Alpine CDM-7874 CD Player In Dash Receiver Reviews

Alpine CDM-7874 CD Player In Dash Receiver

5 ratings (2 Epinions reviews)
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Alpine enchantment

Nov 27, 2002 (Updated Dec 22, 2002)
Review by  
Rated a Very Helpful Review
  • User Rating: Excellent

  • Sound Quality:
  • Ease of Use:
  • Durability:

Pros:Ergonomically fairly well-designed. The 7874 sounds great with the BBE processor

Cons:Relatively expensive. The display is hard to read in bright sunlight.

The Bottom Line: This is my first Alpine player. The controls are mostly well thought out, although the display is poor. The CD doesn't skip. The BBE processor helps it sound great.

Background to this purchase
I replaced the stock stereo/cassette player in my 1988 Ford Bronco II 4x4 years ago with a $300 Sony CDX-4090 FM/AM/CD player. I liked the Sony, even with its quirks. The Sony was prone to stop playing CD’s when I drove over bumps (this *is* in a Bronco). Then the CD player began to malfunction so it was time to look for a new player.

I was looking for an FM/AM/CD replacement that was ergonomically as well-designed as the Sony. It’s astonishing that a better player now costs half the price. I toyed with the idea of getting a player with MP3 playback capability, but decided it wasn’t worth paying the extra $100 or so that the manufacturers want you to pony up. I wasn’t absolutely fixated on sound quality since a moving car isn’t the best listening environment, especially a truck/SUV without air-conditioning. Furthermore, I didn’t want to install a player that would attract theft so I didn’t want anything too fancy on that count too. I’m most concerned with ergonomics and a CD player that won’t skip when I drive over rocks and bumps or when I let the clutch out a little too quickly. I didn't say that!

Why Alpine?
Over the years I’ve heard a buzz that Alpine is one of the better car audio makers. I suspect it’s because Alpine is heavily advertised. Nevertheless, being a mountaineer of sorts I like the name "Alpine". I leaned towards the Alpine models mostly on the basis of their appearance.

I was torn between two of the low end Alpine models, the 7870 and the 7874. There wasn’t a huge difference in price or features. The most obvious difference is that the volume control on the 7874 is rotary while that on the 7870 and 7872 is digital. An analog dial is a more natural implementation, it’s quicker to adjust and less likely to beep. The other significant difference, as far as I am concerned, is that the 7874 offers a BBE processor (more on this below).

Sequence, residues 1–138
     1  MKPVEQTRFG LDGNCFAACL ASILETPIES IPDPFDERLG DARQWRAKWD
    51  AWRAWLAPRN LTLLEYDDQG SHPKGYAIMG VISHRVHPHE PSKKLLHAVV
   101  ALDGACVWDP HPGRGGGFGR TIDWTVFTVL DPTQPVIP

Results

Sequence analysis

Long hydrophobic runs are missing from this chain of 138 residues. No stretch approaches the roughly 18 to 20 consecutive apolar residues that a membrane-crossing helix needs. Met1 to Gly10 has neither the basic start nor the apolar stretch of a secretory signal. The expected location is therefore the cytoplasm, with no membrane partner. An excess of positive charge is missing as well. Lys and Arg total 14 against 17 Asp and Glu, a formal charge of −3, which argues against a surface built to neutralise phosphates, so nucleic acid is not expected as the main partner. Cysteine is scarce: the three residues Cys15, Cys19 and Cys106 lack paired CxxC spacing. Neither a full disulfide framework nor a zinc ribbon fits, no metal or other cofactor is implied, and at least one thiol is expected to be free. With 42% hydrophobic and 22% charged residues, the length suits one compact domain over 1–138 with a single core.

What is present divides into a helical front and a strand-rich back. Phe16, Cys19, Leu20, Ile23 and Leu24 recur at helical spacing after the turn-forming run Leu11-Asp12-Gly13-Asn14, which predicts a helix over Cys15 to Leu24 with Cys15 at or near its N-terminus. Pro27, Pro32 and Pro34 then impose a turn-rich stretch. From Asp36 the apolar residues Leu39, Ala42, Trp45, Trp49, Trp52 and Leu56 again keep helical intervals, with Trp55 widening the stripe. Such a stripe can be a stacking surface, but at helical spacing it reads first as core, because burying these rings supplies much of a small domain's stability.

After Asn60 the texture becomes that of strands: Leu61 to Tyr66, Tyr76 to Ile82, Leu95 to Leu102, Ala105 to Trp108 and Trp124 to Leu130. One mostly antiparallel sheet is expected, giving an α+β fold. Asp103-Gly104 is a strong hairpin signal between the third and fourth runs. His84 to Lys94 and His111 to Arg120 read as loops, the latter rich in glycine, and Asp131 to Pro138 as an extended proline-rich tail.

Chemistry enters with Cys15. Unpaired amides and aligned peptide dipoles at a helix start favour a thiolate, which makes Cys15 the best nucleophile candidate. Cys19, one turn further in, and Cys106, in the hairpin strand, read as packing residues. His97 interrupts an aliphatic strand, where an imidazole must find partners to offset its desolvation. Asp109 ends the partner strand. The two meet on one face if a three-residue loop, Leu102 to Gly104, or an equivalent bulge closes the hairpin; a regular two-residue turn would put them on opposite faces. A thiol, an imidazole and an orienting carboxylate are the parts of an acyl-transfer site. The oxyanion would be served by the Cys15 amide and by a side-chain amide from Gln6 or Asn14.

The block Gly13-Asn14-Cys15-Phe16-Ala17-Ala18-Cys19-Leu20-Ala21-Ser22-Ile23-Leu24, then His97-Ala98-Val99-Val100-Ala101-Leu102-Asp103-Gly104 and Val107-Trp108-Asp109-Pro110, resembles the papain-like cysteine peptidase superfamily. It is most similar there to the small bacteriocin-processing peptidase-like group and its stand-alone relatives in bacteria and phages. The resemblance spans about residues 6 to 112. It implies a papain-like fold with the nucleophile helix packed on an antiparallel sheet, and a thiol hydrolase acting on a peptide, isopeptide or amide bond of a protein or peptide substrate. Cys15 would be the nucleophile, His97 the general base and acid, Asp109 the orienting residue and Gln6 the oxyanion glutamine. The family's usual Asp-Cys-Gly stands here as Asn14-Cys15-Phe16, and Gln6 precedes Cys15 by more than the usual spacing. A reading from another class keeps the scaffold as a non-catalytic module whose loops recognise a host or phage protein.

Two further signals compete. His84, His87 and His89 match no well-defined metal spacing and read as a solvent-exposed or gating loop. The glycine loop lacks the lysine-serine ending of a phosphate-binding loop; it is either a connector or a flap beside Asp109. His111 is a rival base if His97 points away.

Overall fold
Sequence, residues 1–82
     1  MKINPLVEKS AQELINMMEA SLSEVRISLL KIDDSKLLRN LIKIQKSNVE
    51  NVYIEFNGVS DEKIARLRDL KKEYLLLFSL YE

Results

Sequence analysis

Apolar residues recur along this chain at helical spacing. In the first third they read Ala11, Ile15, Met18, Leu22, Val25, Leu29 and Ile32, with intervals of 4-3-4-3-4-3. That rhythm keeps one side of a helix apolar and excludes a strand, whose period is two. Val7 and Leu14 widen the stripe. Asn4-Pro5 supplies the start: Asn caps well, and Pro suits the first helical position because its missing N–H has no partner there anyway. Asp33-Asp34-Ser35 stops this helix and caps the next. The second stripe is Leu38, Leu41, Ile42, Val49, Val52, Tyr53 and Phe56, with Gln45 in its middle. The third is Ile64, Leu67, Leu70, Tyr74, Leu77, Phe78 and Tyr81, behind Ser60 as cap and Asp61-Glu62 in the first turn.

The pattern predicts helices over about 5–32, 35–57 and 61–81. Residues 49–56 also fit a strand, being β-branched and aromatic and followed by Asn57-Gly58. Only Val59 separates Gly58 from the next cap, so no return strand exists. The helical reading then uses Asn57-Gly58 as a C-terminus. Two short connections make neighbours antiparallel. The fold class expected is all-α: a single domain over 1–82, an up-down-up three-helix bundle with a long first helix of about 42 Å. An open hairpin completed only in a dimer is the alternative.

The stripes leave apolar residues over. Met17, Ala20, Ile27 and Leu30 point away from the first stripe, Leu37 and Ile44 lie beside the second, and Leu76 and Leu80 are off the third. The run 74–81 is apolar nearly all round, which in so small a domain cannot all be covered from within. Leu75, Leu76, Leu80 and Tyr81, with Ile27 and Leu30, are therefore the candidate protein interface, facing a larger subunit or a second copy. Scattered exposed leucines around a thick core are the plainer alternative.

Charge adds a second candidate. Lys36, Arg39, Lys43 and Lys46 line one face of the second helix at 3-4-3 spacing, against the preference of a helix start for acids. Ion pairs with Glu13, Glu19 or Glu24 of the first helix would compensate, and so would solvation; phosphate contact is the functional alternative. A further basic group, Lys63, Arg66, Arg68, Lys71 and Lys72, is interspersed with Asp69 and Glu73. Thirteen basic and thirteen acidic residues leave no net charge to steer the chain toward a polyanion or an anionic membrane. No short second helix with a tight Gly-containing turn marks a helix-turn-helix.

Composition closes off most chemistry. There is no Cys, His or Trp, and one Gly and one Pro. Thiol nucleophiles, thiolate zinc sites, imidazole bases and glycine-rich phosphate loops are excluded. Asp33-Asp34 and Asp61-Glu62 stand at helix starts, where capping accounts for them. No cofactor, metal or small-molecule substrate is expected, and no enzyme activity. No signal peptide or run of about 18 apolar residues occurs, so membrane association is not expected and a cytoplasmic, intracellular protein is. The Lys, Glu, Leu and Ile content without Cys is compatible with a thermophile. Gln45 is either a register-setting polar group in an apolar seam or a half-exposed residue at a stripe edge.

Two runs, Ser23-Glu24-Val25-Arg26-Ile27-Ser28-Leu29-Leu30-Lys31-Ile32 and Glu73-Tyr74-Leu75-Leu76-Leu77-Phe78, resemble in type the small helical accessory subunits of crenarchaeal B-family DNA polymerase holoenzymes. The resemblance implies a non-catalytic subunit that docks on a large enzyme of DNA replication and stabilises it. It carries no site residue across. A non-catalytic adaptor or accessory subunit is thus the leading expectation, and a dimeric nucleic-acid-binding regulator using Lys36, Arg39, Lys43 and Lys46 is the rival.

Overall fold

I bought the first 7874 on eBay, from HookedOnTronics in Florida, for a total price of $174 that included tax ($0) and shipping ($15). The recommended retail price is $220 plus tax, so this was a good deal. The radio was delivered by UPS one week after the order was placed. I’d use HookedOnTronics again. However, I so liked this radio and I was in such a hurry to install another one in my Buick Regal that I paid $180 (no tax or shipping) from the Miramar MCAS PX.

Mechanics and Installation
The Alpine 7874 is a standard DIN player so it is easily installed in most dash boards. I installed the radios myself. It was easy to splice into Ford’s wiring harness. The front surround of the radio protruded a bit too far forward in the Bronco and prevented the dashboard’s fascia from sitting flush so I replaced this with a piece of 5.10 climbing shoe rubber that I had lying around.

The Buick was another matter as this still had the factory Delco 3 piece of garbage radio/cassette player. I had to buy a wiring connector and dash mount for the radio from Circuit City for another $38 and then a further $10 worth of connectors from Radio Shack to extend the antenna coax.

The faceplate, like that of all Alpine players, is detachable. I don’t much care for detachable faceplates as I figure the odds of my losing or breaking the faceplate when it is out of the vehicle are significantly higher than the odds of a thief breaking into my car. At least I have the choice.

I like the fact that, unlike many car CD players, you don’t have to swing the faceplate down to insert and remove CD’s. There is no remote control which I can’t see much use for other than to annoy the driver.

The manual is common to the 7870, 7872 and 7874 radios. It is terse, misleading and, in places, erroneous. It is available on-line on Alpine’s web site at Nowhere does it tell you that the "BBE button" is the same as the volume dial. The information on changing the audio level display pattern is wrong. The manual says to press the SETUP button for 3 second and then the UP or DOWN buttons to cycle between the three display modes. In fact you have to press the BAND button to cycle between the display modes. The UP and DOWN buttons toggle display of the optional sub-woofer and CD changer functions.

Display and Buttons